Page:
Gonzalez is homeless and was found lying in the street, gravely ill due to his liver, which was diagnosed with a very advanced case of cirrhosis. An illness provoked by overindulgence in alcohol, which injures and kills the cells in that organ. As testimony to the diagnosis, a half-liter of whiskey was still near him. Every time the organ's cells reproduce, scar tissue replaces normal liver tissue. The scar tissue damages the vital organ's normal structure, which upsets the normal flow of blood through it. Also, less protein than normal is produced, leading to water buildup. With the filter blocked, his whole system is clogged.

An ambulance took him to the hospital, thanks to a good Samaritan who called authorities. His doctors, after performing several tests, aren't even considering a transplant because of its complications with other organs. They have exhausted all other options. They are worried; their hands are tied. In other words, he's terminal…and alone.

Time stands still, waiting to move forward again. But there's no sign to continue. Silence still seizes it. His respiration is heard as a quiet reprimand to a loud noise. Softly…softly…it stops.

In the middle of this emptiness, slowly a bright light appears in front of his bed, piercing through his eyelids and provoking a sense of discomfort in his eyes, enough to wake him. He tries to open them but the brightness doesn't allow it. Through his eyelashes, he can observe a figure standing near his bed, watching him. A great fear possesses him but instantly he hears a smooth voice saying, "Don't be afraid."

The light diminishes slightly, allowing him to fully open his eyes to see who's standing at the foot of his bed. Shocked by what he sees, he trembles from head to toes. He exclaims: "My God!"

Again the light brightens, blinding him. He hears the voice again. "Are you tired?"

"Yes, sir, very tired," he responds. 

"Come with me, I want to show you something," the voice says. 

He sees a hand in front of his face, and with real effort he stretches his body, reaching out to grasp the hand. When he comes into contact with skin, he gets a strong grip, and something very strange happens. The whole room lights up, and he moves easily to sit at the edge of the bed. The pain has vanished. But the machines in the room start to sound louder. As the hand pulls him from the bed, he finds himself with both feet on the floor, slowly standing up. Tentatively he puts one foot in front of the other.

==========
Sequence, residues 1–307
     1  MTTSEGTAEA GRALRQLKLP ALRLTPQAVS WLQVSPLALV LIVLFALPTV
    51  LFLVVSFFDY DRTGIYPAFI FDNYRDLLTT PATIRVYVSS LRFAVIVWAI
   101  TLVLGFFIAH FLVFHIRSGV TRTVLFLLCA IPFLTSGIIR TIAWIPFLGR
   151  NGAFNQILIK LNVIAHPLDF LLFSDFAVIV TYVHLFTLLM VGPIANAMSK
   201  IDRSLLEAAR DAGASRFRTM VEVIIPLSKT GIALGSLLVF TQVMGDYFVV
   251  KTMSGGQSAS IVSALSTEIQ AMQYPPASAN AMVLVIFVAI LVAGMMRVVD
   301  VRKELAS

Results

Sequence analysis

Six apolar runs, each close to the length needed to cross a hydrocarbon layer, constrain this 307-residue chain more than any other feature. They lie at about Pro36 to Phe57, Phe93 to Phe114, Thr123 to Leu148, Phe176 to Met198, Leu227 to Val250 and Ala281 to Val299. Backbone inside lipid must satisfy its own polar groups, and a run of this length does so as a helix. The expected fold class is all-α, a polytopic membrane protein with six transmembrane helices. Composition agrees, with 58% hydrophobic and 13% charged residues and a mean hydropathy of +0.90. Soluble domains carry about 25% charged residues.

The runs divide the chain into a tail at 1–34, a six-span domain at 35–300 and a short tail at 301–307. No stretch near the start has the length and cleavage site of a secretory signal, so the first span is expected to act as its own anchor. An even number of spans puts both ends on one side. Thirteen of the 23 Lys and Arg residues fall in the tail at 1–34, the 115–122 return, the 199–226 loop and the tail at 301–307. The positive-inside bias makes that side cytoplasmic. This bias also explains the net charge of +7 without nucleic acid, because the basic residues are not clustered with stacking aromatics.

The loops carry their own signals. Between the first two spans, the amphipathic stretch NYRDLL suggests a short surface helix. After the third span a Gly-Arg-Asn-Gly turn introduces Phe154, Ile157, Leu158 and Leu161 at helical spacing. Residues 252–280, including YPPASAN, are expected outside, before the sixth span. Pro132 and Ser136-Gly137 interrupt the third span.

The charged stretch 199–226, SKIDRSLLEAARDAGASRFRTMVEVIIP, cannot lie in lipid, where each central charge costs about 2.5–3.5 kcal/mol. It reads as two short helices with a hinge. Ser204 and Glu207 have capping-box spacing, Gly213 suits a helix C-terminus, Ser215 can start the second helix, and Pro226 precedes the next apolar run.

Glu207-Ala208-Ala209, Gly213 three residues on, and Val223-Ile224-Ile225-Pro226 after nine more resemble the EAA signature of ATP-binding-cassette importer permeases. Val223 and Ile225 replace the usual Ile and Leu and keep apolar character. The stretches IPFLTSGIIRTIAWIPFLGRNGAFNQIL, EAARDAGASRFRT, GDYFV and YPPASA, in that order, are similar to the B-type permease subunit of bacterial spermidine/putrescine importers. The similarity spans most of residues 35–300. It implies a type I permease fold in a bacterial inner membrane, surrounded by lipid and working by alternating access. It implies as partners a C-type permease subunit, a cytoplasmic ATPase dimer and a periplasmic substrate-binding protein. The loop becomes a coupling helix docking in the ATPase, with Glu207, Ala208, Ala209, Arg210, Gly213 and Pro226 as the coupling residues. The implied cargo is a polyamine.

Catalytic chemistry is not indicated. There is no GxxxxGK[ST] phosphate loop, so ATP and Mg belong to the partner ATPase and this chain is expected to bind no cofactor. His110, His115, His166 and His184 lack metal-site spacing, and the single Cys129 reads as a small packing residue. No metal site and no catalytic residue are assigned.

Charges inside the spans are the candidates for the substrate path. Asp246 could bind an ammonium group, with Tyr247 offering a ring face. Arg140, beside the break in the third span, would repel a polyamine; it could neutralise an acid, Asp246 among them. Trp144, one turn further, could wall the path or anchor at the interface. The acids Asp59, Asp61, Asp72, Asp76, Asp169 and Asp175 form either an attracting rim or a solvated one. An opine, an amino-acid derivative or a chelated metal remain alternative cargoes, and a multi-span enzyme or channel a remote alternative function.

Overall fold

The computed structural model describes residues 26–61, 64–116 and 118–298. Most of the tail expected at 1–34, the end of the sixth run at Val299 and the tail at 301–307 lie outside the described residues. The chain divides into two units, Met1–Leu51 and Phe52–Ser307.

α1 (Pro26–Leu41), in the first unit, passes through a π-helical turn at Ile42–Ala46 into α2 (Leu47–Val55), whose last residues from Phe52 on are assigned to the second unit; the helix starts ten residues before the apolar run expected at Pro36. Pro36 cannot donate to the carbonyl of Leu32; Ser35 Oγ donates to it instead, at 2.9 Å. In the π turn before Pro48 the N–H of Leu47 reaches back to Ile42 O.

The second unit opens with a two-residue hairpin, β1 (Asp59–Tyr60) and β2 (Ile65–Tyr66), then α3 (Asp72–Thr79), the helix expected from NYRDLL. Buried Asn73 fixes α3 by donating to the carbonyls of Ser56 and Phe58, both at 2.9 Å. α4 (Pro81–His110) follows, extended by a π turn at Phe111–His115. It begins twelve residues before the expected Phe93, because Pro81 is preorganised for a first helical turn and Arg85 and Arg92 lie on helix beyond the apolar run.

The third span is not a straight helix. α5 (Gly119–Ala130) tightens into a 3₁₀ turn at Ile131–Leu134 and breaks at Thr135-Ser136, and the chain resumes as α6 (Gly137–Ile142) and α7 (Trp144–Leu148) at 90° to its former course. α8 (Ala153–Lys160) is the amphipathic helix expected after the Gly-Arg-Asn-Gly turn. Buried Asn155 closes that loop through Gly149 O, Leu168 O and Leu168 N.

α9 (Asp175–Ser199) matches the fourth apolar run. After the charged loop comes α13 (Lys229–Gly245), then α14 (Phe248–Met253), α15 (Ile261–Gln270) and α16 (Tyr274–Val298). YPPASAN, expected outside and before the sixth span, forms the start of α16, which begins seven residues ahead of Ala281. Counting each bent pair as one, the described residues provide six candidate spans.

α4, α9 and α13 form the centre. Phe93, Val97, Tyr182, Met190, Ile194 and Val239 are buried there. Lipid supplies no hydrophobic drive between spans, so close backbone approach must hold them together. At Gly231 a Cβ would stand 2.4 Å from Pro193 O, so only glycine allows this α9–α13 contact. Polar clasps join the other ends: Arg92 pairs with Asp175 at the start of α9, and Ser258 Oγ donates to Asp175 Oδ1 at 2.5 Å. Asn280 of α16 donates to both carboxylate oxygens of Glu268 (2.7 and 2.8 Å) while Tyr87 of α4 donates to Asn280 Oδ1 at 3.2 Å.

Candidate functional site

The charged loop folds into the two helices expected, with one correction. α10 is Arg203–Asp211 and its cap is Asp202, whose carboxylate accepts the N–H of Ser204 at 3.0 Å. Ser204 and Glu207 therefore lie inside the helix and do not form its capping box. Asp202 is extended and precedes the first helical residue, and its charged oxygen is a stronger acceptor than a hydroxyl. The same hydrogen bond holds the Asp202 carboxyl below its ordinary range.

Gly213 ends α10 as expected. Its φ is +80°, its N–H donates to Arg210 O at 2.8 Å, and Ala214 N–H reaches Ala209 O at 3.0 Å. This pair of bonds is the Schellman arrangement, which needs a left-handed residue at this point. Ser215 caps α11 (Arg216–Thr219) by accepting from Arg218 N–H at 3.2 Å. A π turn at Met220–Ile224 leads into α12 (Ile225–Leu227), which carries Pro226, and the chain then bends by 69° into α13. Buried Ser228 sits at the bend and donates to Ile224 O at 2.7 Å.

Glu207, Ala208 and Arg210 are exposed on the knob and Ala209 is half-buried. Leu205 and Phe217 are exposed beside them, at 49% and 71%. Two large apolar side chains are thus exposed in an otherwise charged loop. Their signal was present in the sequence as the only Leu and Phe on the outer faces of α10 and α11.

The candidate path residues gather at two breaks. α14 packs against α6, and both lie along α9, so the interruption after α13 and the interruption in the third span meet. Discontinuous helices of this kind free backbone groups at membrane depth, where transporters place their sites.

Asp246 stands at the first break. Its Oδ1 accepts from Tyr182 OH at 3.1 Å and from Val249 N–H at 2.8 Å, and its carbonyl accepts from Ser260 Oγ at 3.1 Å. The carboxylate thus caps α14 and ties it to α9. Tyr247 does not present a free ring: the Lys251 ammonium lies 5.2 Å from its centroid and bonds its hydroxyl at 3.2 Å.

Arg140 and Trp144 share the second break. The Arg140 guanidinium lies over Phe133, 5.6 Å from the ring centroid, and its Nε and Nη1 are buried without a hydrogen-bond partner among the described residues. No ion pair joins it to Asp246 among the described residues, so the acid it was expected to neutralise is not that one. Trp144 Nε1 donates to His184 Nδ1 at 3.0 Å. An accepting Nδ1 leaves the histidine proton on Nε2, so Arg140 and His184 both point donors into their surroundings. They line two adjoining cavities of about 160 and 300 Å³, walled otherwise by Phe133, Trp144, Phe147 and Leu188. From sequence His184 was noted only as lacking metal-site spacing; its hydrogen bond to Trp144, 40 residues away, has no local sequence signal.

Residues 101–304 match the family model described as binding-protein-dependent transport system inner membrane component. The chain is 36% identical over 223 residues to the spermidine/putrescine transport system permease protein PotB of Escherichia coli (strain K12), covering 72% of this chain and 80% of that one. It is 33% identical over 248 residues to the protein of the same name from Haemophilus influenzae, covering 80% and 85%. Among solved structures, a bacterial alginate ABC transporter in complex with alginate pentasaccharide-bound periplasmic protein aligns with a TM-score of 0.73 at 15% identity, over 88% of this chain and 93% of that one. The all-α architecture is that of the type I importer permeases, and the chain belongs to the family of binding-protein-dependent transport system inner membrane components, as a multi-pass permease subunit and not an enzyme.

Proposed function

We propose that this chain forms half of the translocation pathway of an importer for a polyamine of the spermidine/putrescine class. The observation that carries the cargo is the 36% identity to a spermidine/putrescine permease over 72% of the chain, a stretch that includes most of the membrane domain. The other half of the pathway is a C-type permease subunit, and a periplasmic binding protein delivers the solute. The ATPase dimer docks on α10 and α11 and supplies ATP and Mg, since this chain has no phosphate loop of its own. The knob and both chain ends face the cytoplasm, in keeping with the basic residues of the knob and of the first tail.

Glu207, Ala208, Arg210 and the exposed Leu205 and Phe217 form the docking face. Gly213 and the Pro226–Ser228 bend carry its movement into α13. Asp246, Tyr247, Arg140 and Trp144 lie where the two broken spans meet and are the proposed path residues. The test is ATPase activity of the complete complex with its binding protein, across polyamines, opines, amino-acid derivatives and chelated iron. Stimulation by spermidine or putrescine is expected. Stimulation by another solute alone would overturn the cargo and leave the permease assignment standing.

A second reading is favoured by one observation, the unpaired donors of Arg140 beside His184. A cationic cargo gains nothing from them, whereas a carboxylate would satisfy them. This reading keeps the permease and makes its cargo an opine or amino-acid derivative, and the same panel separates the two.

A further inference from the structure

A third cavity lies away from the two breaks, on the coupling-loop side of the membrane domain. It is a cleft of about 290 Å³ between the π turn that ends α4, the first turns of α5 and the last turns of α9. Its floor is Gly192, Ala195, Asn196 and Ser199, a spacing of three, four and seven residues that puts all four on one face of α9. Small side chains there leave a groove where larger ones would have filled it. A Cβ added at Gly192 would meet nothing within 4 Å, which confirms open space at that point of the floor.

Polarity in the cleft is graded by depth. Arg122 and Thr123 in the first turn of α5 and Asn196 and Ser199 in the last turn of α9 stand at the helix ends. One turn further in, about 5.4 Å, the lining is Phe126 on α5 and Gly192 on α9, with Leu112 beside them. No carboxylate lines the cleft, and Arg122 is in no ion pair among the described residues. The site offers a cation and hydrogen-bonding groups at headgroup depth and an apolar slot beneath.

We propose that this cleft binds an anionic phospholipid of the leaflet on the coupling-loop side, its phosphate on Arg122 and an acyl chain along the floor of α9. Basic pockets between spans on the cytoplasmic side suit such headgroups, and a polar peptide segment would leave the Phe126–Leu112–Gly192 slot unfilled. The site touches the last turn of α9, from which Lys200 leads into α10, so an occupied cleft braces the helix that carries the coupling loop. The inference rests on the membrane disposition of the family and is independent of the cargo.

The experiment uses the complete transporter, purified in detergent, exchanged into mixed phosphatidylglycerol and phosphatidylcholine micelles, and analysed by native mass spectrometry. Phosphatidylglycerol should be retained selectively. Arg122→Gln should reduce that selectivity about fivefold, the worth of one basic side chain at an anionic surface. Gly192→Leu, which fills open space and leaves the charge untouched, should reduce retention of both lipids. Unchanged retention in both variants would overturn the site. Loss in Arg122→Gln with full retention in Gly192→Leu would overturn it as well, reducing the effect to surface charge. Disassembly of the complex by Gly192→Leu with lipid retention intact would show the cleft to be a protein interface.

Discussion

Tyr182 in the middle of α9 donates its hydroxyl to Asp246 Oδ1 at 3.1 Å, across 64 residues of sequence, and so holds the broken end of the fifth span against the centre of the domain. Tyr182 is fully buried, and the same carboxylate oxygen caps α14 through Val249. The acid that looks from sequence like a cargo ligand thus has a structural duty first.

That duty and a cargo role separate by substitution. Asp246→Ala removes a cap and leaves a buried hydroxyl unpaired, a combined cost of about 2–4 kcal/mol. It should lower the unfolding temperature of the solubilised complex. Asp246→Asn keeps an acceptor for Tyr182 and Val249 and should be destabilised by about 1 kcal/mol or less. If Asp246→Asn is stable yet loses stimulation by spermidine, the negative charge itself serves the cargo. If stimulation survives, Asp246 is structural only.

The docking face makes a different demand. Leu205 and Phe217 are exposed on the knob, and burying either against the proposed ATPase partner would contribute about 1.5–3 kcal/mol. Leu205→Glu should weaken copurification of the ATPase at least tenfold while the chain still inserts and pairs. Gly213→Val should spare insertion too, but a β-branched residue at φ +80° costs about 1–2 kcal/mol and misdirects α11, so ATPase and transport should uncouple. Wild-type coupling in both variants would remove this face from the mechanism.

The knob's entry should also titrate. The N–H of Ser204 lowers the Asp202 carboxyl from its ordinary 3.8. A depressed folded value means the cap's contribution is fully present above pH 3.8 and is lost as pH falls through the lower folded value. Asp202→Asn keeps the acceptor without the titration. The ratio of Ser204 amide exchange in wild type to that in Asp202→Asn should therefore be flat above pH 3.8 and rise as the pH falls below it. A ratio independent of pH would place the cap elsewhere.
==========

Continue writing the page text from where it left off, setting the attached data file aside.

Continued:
With every step he takes away from the bed, the monitors' sounds sharpen and increase their speed. Although he has his eyes open and everything in the room is lit, he can't see his companion. He can only feel the hand guiding him. When he walks through the door out of the room, the sensors and monitors are already out of control. They immediately fuse into just one drawn-out "beeeeeeeeeep."
Now he's in the hallway. Several medical assistants and nurses are racing down the hallway, passing by him. They look alarmed. He jumps to the side to avoid being trampled. "Whew," he exhales.
He watches where they are running to. He sees a police officer standing at the nurses' station. He asks: "What is happening? A fire?" But there's no answer, although the officer moves his head to the left and right with curiosity on his face.

Still pulled by his companion, Arturo continues to shuffle down the hall. He has no time to watch the medical staff enter his room. He slowly disappears around the next corner. 

The End